The 2018 HPA Awards nominees

The Hollywood Professional Association (HPA) has announced the 2018 nominees for the HPA Awards creative categories. The Awards honor achievement and artistic excellence by individuals and teams who bring stories to life and outstanding content to audiences around the world.

Launched in 2006, the HPA Awards recognize outstanding achievement in editing, sound, visual effects and color grading for work in television, commercials and feature films. The winners of the 13th Annual HPA Awards will be announced at a ceremony on November 15, 2018 at the Skirball Cultural Center in Los Angeles.

Outstanding Color Grading – Feature Film

-Avengers: Infinity War

Steven J. Scott, Charles Bunnag // Technicolor – Hollywood

-Red Sparrow

Dave Hussey // Company 3

Shape of Water

–The Shape of Water

Chris Wallace // Deluxe – Toronto

-Alpha

Maxine Gervais // Technicolor – Hollywood

-The Greatest Showman

Tim Stipan // Company 3

 

Outstanding Color Grading – Television

-Damnation – “Sam Riley’s Body”

Paul Allia // Picture Shop

The Marvelous Mrs. Maisel

-The Marvelous Mrs. Maisel – “Pilot” 

Steven Bodner // Light Iron

-The Crown – “Paterfamilias”

Asa Shoul // Molinare

-Game of Thrones – “Beyond the Wall”

Joe Finley // Sim

-Game of Thrones – “Beyond the Wall”

Joe Finley // Sim

-The Crossing – “Pilot”

Tony Smith // Picture Shop

 

Outstanding Color Grading – Commercial

-Bottega Veneta – “Spring/Summer 2018 Trailer”

Tim Masick // Company 3 

-Tile – Lost Panda

Tom Poole // Company 3

-Volkswagen – Kids Dream

Adam Scott // The Mill

-Audi – Final Breath

Sofie Borup // Company 3

-Bottega Veneta – “Spring/Summer 2018 Main”

Tim Masick // Company 3

 

Outstanding Editing – Feature Film

-A Quiet Place

Christopher Tellefsen, ACE

Coco

-Coco

Steve Bloom

-You Were Never Really Here

Joe Bini

-Mission: Impossible – Fallout

Eddie Hamilton, ACE

-Believer

Demian Fenton

 

Outstanding Editing – Television (30 Minutes and Under)

-The End of the F***ing World – Episode One

Mike Jones

-Vida – Episode 6”

JoAnne Yarrow

-Vice – “After the Fall”

Kelly Kendrick // Vice

-Barry – “Chapter Eight: Know Your Truth”

Kyle Reiter

Vice Principals

-Vice Principals – “The Union of the Wizard and The Warrior”

Jeff Seibenick

 

Outstanding Editing – Television (Over 30 Minutes)

-Stranger Things – “Chapter Nine: The Gate”

Kevin D. Ross, ACE

-The Defiant Ones – Part 2

Doug Pray, Lasse Järvi

-Game of Thrones – “The Dragon and the Wolf”

Crispin Green

-Westworld – “The Passenger”

Anna Hauger, Mako Kamitsuna, MPEG, Andrew Seklir, ACE

-Counterpart – “The Crossing”

Dana E. Glauberman, ACE

 

Outstanding Sound – Feature Film

-Ant-Man and The Wasp

Katy Wood, Addison Teague, Juan Peralta, Tom Johnson // Skywalker Sound

-The Shape of Water

Christian Cooke, Brad Zoern, Nelson Ferreira, Nathan Robitaille // Deluxe – Toronto

-Avengers: Infinity War

Shannon Mills, Tom Johnson, Juan Peralta, Dan Laurie // Skywalker Sound

-Blade Runner 2049

Black Panther

Mark Mangini, Ron Bartlett, Theo Green, Doug Hemphill, Mac Ruth // Formosa Group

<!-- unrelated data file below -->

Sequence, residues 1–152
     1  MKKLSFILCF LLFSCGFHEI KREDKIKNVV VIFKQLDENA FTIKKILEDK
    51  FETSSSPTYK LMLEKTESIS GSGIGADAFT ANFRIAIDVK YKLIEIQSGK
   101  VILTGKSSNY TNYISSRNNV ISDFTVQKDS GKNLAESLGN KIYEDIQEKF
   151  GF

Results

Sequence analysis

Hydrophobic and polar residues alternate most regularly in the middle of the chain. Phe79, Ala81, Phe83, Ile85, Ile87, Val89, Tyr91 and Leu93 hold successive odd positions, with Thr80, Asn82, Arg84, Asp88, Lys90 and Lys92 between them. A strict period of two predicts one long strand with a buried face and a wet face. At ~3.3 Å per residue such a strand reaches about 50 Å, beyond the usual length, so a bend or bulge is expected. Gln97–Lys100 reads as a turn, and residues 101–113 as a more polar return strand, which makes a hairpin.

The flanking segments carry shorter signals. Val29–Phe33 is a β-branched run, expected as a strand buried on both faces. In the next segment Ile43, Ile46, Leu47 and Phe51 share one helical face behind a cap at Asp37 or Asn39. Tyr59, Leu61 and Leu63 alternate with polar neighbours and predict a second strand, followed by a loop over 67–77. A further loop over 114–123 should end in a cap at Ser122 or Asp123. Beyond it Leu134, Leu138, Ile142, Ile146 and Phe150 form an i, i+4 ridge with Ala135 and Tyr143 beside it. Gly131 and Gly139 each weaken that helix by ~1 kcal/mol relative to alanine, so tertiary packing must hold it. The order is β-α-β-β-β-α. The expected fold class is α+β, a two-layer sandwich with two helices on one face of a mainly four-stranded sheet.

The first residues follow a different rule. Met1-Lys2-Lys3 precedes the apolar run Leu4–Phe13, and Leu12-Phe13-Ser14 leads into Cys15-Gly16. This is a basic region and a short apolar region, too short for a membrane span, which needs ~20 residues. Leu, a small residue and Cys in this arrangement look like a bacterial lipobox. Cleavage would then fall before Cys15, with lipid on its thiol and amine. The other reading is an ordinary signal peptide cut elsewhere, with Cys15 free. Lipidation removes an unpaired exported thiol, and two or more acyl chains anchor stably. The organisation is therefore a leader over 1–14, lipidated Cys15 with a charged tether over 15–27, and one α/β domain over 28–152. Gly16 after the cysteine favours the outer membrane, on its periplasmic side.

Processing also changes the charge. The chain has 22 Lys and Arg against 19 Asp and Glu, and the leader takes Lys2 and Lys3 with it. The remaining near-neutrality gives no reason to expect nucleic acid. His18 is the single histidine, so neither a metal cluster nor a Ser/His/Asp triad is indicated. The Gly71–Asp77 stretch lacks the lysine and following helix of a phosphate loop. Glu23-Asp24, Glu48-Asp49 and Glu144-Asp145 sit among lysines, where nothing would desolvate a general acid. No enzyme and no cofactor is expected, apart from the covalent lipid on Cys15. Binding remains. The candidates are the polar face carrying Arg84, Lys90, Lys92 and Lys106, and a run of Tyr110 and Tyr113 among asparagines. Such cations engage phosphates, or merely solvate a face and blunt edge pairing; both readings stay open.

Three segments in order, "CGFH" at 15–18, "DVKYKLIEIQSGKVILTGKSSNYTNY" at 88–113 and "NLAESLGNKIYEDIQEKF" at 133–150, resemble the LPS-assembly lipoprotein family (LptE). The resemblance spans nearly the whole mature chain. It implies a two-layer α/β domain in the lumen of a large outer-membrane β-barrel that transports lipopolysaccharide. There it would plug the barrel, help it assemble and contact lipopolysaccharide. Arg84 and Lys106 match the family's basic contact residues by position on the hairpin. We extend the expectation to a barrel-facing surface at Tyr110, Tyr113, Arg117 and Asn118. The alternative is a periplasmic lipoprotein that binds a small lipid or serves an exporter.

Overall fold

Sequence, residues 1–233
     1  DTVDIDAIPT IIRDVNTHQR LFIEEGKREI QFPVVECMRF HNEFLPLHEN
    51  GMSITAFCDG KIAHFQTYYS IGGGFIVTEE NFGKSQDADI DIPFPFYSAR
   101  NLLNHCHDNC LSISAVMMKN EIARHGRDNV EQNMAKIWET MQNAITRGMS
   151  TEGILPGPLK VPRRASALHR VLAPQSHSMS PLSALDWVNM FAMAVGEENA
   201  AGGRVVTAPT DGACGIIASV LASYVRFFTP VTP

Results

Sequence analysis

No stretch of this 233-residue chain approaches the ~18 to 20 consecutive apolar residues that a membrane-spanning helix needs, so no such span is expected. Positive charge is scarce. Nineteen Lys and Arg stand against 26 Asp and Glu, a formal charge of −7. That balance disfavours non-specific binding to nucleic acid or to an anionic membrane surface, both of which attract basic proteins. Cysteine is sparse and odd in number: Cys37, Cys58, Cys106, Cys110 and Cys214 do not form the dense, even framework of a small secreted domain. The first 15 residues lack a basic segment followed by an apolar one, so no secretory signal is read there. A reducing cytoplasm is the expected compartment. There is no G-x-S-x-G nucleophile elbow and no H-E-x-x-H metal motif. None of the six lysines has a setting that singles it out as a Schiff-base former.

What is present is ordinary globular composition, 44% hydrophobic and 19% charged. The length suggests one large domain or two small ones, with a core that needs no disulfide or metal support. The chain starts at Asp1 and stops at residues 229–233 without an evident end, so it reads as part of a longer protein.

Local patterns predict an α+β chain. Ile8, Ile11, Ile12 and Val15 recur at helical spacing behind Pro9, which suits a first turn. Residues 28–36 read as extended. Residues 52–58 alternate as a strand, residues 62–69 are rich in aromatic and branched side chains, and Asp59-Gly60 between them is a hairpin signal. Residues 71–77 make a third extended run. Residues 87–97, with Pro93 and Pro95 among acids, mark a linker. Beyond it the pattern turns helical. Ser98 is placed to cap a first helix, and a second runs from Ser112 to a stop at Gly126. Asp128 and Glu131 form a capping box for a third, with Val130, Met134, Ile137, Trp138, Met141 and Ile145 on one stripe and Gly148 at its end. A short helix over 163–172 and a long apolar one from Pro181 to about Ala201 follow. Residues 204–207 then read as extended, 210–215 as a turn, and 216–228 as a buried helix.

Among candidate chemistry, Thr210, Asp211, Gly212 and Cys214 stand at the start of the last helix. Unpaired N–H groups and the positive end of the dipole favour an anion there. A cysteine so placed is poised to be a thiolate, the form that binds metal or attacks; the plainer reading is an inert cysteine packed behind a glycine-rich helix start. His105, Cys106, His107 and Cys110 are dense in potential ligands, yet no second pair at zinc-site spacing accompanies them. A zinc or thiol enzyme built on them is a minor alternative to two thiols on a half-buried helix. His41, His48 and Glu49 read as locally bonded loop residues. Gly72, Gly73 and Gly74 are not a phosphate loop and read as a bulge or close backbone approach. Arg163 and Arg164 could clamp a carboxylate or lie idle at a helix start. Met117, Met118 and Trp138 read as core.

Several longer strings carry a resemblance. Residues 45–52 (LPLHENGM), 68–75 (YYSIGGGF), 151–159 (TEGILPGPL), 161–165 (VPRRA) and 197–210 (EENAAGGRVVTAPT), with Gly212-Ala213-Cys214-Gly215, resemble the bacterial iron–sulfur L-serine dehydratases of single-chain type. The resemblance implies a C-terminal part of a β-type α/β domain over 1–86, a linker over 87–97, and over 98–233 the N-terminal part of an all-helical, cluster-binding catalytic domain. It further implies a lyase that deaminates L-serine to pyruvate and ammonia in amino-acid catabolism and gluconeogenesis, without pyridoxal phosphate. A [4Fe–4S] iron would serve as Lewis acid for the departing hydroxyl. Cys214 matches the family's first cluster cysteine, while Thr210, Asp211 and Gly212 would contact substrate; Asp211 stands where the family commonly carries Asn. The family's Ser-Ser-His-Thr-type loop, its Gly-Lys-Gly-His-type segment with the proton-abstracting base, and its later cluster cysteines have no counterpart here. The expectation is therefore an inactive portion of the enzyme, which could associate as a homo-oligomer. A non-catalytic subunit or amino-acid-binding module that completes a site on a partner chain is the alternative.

-Black Panther

Benjamin A. Burtt, Steve Boeddeker, Brandon Proctor // Skywalker Sound

 

Outstanding Sound – Television

-Yellowstone – “Daybreak” 

Allan Murray, Tim LeBlanc, Dean Zupancic // Warner Bros

-Waco – “Operation Showtime”

Craig Mann, Kelly Oxford, Laura Wiest, Karen Vassar Triest, David Brownlow, Beau Borders // Technicolor – Hollywood

-Dark – “Secrets”

Alexander Würtz, Achim Hofmann, Jörg Elsner, Ansgar Frerich, Christian Bischoff  // Basis Berlin

-Yellowstone – “Kill the Messenger” 

Allan Murray, Tim LeBlanc, Dean Zupancic // Warner Bros.

-Altered Carbon – “Out of The Past” 

Brett Hinton, Mark Allen, Owen Granich-Young, Andy King, Keith Rogers // Atomic Sound

 

Outstanding Sound – Commercial

-OXFAM – The Heist No One is Talking About

Neil Johnson // Factory Studios

-KIA Fueled by Youth

Nathan Dubin // Margarita Mix

-SANE – Let Me Talk

Anthony Moore, Jack Hallett // Factory Studios

-Monster – Opportunity Roars

Tom Jucarone // Sound Lounge

-ICRC – Hope

Anthony Moore // Factory Studios

 

Outstanding Visual Effects – Feature Film

-Maze Runner: The Death Cure

R. Christopher White, Daniel Macarin, Philip Leonhardt, Paul Ramsden, Jeremy Fort // Weta Digital

-Blade Runner 2049

Richard Clegg, Axel Akesson, Wesley Chandler, Stefano Carta, Ian Cooke-Grimes // MPC

Rampage

-Rampage

Erik Winquist, Benjamin Pickering, Stephen Unterfranz, Thrain Shadbolt, 

David Clayton // Weta Digital

-Thor: Ragnarok

Kyle McCulloch, Alexis Wajsbrot, Ben Loch, Harry Bardak // Framestore

-Avengers: Infinity War

Matt Aitken, David Conley, Charles Tait, Paul Story, Marvyn Young // Weta Digital

 

Outstanding Visual Effects – Television (Under 13 Episodes)

-Altered Carbon – “Out of The Past”

Altered Carbon

Everett Burrell, Tony Meagher, Steve Moncur, Christine Lemon, Paul Jones // DNEG

-Outlander – “Eye of The Storm”

Richard Briscoe // Outlander Production

Daniel Nordlund, Filip Orrby // Goodbye Kansas

Aladino Debert, Greg Teegarden // Digital Domain

-Black Mirror – “Metalhead”

Russel McLean, Michael Bell, Pete Levy, Steven Godfrey, Stafford Lawrence // DNEG

-Game of Thrones – “Beyond The Wall” 

Joe Bauer, Steve Kullback, Ted Rae, Eric Carney // HBO 

David Ramos // El Ranchito

-Westworld – “The Passenger”

Jay Worth, Bruce Branit // Deep Water FX

Bobo Skipper // Important Looking Pirates

Kama Moiha // COSA VFX

Mike Enriquez // DNeg

 

Outstanding Visual Effects – Television (Over 13 Episodes)

-Supergirl – “For Good”

Armen V. Kevorkian, Gevork Babityan, Kris Cabrera, Jerry Chalupnik, Jason Shulman // Encore VFX

-Agents of SHIELD – “Orientation: Part 1” 

Mark Kolpack, Sabrina Arnold // Marvel